LiveRamp CEO Talks About Why He Hired Microsoft Search Guru Pann

Product development roles not only require the ability to innovate, but to mentor emerging talent. Scott Howe, CEO at LiveRamp, believes David Pann, former vice president of Microsoft Advertising, is the perfect guy for a job that opened after Anneka Gupta, former president and head of products and platforms, left the company in July.

“David, having spent 30 years of his career in product leadership roles, knows the value of team collaboration, and working and mentoring young people,” Howe said.

Howe has known of Pann for decades. In fact, he hired Pann to work at Microsoft. “I knew about him when he worked at Yahoo,” he said. “Everyone did. He’s one of those rare guys. He has spent his entire professional life building innovative products and mentoring people.”

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At the time that Howe meet Pann, Live Search was becoming the Microsoft search engine Bing. It officially replaced Live Search in June 2009.

“At Microsoft, we were brute-forcing the heck out of everything in search,” he said. “We threw bodies at Bing, instead of writing eloquent code and scaling products.”

Howe meant that sometimes companies will “pay down the technical debt” to get a product to market quickly, and then go back and address the compromises made to meet the critical deadline. This time it paid off, because, according to Howe, Pann knows how to get it done.

When Howe hired him to work at Microsoft, Pann had been at Yahoo overseeing Overture and was involved with Project Panama.

“We knew he was well versed at accelerating innovation and had the ability to pay down the technical debt,” he said.

A week after Pann agreed to join Microsoft in the advertising department, Howe resigned.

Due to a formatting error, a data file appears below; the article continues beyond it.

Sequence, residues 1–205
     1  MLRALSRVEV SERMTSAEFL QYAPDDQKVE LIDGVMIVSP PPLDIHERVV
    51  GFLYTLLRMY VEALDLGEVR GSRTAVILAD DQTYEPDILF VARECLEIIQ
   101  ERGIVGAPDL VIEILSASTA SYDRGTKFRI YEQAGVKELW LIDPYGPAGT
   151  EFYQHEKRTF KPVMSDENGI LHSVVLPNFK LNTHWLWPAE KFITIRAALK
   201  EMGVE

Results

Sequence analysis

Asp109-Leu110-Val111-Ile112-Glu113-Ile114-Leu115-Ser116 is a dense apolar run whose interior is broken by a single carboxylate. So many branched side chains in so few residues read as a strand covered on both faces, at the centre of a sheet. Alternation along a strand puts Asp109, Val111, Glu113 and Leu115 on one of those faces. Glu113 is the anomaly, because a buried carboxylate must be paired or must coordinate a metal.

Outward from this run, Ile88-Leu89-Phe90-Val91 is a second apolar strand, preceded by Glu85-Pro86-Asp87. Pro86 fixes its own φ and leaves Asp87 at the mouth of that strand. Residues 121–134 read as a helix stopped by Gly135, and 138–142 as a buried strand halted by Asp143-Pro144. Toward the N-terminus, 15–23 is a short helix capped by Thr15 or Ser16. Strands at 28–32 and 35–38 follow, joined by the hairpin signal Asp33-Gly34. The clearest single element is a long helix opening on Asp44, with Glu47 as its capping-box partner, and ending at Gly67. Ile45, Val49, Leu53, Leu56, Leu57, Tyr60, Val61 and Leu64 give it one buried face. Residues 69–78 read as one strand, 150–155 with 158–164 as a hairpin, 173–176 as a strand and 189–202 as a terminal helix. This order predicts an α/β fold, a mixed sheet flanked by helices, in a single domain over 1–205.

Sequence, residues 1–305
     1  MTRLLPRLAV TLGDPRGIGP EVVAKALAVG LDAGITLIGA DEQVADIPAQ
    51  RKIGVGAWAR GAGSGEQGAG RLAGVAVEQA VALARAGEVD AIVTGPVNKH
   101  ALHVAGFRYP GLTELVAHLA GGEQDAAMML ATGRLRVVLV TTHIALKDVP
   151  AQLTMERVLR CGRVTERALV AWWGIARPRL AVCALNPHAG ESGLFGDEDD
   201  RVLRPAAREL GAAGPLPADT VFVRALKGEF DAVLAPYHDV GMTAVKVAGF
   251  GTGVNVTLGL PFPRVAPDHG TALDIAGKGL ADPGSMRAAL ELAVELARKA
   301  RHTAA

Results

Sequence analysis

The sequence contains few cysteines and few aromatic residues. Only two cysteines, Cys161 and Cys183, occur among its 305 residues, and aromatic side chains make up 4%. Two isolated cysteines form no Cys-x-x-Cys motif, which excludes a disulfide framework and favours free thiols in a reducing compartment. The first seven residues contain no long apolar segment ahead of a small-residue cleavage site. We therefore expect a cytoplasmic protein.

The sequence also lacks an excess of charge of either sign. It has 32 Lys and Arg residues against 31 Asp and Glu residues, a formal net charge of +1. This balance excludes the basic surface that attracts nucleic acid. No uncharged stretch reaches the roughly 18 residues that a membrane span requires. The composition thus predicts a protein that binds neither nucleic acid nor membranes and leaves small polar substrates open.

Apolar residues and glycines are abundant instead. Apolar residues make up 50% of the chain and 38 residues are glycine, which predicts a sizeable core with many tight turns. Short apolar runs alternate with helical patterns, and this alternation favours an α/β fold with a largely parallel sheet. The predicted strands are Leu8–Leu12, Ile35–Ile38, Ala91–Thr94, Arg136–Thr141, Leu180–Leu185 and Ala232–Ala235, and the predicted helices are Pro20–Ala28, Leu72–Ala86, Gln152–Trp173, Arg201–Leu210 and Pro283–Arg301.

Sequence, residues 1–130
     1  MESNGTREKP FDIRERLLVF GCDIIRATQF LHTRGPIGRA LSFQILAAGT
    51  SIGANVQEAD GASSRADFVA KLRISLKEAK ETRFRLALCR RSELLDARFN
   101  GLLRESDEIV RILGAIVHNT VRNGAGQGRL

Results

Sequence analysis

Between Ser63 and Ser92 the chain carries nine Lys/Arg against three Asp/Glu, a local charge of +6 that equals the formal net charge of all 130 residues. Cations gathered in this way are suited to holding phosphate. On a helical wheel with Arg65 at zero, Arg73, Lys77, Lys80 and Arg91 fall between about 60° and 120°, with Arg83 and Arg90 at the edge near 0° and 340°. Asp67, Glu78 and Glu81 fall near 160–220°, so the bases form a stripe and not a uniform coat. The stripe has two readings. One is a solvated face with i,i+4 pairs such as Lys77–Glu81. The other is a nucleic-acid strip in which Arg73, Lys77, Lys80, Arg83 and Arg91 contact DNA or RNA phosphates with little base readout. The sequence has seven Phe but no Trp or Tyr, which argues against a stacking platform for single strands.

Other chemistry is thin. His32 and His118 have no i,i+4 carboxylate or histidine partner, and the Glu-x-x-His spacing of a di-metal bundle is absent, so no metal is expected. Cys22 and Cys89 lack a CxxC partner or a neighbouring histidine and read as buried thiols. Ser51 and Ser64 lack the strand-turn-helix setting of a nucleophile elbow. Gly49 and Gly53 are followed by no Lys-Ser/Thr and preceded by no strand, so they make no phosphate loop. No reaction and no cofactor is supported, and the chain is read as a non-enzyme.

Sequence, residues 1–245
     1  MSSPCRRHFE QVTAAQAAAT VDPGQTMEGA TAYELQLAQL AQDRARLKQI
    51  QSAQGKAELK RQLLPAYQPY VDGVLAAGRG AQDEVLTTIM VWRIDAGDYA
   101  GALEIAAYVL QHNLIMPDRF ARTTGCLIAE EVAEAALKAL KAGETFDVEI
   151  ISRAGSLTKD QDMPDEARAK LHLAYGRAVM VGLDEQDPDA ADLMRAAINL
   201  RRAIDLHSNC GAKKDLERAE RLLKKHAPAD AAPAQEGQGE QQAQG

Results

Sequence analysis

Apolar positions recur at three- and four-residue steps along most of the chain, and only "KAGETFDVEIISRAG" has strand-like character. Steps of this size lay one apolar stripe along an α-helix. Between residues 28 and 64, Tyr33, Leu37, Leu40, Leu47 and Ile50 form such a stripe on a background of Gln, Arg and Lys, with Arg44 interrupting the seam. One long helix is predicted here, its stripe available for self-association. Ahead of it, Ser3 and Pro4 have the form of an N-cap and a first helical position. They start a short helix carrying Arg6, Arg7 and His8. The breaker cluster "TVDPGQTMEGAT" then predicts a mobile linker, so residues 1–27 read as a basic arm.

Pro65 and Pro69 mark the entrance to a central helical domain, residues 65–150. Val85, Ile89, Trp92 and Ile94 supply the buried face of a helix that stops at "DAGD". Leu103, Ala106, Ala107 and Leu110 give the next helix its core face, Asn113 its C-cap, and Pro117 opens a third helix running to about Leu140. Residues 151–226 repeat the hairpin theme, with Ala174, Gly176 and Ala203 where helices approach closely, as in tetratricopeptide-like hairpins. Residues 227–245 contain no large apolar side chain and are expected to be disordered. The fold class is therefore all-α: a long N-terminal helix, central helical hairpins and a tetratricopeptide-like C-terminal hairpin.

Howe is no stranger to entrepreneurship and trying new things. Sometimes the ideas stuck and sometimes they didn’t, but it is always exciting. When asked about his co-founding a company called King of the Web, he called it “a rocket ship across the night sky that flamed spectacularly and then crashed into the desert.”

When he left Microsoft, he teamed up with Seattle Investor Nick Hanauer, and Zillow Founder Rich Barton. The site looked a lot like social media, giving people the ability to post user-generated content. People voted on that content and crowned a person King of the Web.

“The problem is people didn’t stay and come back to it,” he said. “It was too early and we just didn’t get it right.”

Howe left King of the Web, founded in May 2010, to join Acxiom, which became LiveRamp.

“I hired David, but never got to work with him,” Howe said, adding that the two have known each other for a couple of decades. “I spoke with him occasionally, kept my eye on him, and saw him live up to the vision of what he was hired to do.”

Pann was hired at Microsoft to pay down the technical debt, scale a major platform, build innovation on top of it, build a business, and mentor a young team so they could grow to become the best version of themselves. Howe said Pann accomplished all.

“He’s the perfect choice to join us at LiveRamp, because we’re going to ask him to do it one more time,” Howe said. “He’s walking into a similar situation.”

Howe said the team grew LiveRamp from 15 people generating about $10 million dollars at acquisition, to now $500 million and 1,200 employees in a few years. The technology has grown from something simple, he said, to very sophisticated -- tackling some of the most complicated technology problems like extracting the value of data without having the physical data move. It’s something every brand wants.

As an example of the way he wants LiveRamp to work, Howe pointed to the simplicity of Apple and the iPhone. Not the inner working of the device, but the way it’s used, simple and intuitive.

“David is the best person in the world to help us do that, because of his experience,” he said, claiming that LiveRamp “touches more data in a month than Google.”

Heightened security around data encryption, federated machine learning, extracting the data without exposing it, authentication of all data, and making the user interface simple and easy to use are on the LiveRamp product roadmap. Howe wants to make using data as simple as clicking a button on a touchscreen.

 

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